The saying goes, “Never let a good crisis go to waste.” The escalating number of cyberattacks against our country’s critical infrastructure, including most recently an attack on a water treatment facility in Florida, provide an important opportunity to evaluate and enhance the collective defense model.
While the incident in Florida ultimately did not result in any harm, its occurrence demonstrates that threat actors are targeting and exploiting vulnerabilities in our infrastructure. Consequently, following the attack, the U.S. Senate Intelligence Committee asked the Environmental Protection Agency to review whether the 2015 Water and Wastewater Sector-Specific Plan developed by the Department of Homeland Security for enhancing the security and resilience of that sector should be updated to mitigate similar risks.
An effective response cannot, however, rest solely on the private sector or the U.S. government due to informational and operational restraints. Instead, it is imperative that the public and private sectors come together to develop a solution for rapid and effective responses.
Attacks on our nation’s critical infrastructure, which includes physical and cyber systems and assets, like a water treatment facility or a power grid, could be devastating to our economic security and public health and safety. This infrastructure is typically privately owned and operates in a decentralized economy. The private sector is in the unusual position of balancing implementing security protocols and systems to protect these assets with their fiduciary duties to shareholders. Due to these competing interests, any threat response protocol should be done in tandem with the federal government.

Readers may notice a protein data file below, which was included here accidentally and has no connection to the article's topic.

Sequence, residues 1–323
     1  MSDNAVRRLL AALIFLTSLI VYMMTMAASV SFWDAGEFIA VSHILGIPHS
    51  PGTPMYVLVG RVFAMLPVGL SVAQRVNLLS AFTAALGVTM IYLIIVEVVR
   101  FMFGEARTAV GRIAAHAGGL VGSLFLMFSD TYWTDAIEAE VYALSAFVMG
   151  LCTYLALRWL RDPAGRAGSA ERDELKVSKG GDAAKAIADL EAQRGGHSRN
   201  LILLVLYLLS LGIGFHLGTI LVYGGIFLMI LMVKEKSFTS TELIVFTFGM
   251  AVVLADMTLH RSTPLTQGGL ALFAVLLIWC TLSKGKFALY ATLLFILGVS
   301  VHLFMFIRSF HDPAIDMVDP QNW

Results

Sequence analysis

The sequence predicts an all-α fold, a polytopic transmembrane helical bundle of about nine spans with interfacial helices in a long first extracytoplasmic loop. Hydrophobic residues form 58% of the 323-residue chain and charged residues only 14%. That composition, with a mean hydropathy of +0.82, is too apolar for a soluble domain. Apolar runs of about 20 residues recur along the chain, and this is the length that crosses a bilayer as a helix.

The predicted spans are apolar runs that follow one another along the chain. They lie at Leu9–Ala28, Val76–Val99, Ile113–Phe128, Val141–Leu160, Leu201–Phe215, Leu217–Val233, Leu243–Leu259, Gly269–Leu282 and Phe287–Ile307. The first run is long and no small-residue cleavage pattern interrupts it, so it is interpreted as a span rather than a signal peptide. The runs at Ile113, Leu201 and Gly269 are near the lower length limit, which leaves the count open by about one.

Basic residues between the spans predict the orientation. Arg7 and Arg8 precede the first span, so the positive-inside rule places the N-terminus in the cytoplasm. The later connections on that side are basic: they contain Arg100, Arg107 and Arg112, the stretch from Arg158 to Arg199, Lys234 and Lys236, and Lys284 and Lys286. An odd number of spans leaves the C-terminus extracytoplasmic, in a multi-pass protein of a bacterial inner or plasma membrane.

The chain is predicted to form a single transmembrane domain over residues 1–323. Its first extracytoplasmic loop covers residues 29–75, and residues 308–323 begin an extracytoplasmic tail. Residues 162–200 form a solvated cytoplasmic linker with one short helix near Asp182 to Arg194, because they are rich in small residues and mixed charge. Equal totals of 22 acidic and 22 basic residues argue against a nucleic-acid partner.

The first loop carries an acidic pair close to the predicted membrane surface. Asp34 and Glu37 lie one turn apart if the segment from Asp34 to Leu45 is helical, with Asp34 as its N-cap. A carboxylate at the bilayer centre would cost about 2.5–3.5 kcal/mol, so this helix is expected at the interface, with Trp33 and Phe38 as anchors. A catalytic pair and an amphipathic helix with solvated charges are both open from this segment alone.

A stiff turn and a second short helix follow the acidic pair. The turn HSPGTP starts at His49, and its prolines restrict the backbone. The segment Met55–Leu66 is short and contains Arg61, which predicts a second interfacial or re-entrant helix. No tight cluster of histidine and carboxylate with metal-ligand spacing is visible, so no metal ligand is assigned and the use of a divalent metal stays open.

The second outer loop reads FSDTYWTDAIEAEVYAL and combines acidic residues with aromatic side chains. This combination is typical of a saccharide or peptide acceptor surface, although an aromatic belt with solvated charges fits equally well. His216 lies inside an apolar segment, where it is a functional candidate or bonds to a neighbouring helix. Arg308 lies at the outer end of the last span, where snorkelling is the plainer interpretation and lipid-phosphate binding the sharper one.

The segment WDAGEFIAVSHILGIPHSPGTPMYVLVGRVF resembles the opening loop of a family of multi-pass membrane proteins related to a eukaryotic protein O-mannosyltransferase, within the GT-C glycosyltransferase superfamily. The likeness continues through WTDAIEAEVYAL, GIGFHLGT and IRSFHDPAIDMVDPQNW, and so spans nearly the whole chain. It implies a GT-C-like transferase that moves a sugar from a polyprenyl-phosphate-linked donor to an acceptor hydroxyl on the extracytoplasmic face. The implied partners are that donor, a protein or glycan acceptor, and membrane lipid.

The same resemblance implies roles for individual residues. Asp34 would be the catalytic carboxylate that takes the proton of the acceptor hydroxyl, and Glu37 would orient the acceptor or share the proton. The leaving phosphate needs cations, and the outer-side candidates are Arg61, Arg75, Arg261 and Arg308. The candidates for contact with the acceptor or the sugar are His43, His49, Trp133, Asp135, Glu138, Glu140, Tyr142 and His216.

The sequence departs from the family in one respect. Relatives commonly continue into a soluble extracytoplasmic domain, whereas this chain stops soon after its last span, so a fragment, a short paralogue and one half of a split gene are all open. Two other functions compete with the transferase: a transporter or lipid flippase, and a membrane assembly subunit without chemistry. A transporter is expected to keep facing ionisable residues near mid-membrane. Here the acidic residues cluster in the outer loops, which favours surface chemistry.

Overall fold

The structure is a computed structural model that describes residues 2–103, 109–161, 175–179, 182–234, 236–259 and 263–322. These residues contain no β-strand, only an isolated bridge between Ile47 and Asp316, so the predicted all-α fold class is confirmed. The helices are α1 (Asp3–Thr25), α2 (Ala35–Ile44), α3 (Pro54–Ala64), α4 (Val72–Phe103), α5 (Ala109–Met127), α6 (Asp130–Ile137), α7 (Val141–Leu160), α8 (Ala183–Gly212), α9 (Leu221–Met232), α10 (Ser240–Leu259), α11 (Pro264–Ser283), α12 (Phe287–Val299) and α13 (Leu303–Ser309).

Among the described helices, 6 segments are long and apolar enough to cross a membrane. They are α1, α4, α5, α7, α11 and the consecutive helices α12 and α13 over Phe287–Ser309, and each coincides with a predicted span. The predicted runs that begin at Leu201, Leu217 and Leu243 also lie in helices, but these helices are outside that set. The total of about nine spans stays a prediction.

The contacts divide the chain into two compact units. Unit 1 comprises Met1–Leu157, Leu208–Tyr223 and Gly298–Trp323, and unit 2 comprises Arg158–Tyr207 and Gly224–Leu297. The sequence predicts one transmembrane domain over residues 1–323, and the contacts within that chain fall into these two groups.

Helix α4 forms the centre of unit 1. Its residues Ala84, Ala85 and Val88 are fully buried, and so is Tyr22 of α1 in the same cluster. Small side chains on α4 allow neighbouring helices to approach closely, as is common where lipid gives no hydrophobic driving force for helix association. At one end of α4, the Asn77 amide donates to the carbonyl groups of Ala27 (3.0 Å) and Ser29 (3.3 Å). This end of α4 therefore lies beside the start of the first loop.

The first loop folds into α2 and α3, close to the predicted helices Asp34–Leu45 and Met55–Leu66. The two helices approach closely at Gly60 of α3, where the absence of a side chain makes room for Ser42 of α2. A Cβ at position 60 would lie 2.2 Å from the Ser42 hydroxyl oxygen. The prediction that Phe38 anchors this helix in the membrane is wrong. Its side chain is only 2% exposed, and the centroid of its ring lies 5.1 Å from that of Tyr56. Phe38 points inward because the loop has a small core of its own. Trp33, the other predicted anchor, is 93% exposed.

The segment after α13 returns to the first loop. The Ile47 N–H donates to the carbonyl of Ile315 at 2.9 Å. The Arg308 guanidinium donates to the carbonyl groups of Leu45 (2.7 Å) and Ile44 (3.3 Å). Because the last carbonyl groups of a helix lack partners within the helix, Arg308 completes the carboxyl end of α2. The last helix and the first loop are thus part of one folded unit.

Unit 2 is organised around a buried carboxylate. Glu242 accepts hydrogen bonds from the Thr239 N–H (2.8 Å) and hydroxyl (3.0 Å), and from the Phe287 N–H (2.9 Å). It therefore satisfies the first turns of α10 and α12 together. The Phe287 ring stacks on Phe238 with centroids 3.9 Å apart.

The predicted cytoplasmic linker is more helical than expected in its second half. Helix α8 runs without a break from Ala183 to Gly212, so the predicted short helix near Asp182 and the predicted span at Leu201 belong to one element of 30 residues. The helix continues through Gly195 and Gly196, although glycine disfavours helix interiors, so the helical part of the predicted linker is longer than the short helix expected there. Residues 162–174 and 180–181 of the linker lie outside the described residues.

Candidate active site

Federal Government Progress
The federal government is rising to the challenge. For example, Congress recently passed the IoT Cybersecurity Improvement Act, which would set minimum security requirements for developing, patching, and configuring Internet of Things devices.
Along with requiring the National Institute of Standards and Technology (NIST) to issue standards-based guidelines for devices owned or controlled by the federal government, the law specifies that federal acquisition rules must reflect pending security standard and guidelines and prohibit federal agencies from procuring contracts for devices that cannot meet these guidelines.
Moreover, the Federal Energy Regulatory Commission, responsible for overseeing the reliability of the nation’s power grid, recently issued a proposal for public utilities to secure incentive-based rate treatment for voluntary cybersecurity investments that go above mandatory Critical Infrastructure Protection Reliability Standards.
In addition, this year’s National Defense Authorization Act includes a broad range of cybresecurity recommendations developed by the public-private initiative known as the Cyberspace Solarium Commission (CSC).
Among other things, the CSC has recommended establishing the national cyber director and supporting Office of the National Cyber Director, the creation of a continuity of the economy plan and the formation of a Joint Cyber Planning Committee under the Cybersecurity and Infrastructure Security Agency (CISA) to facilitate the coordination of defensive cybersecurity campaigns across federal agencies and the private sector.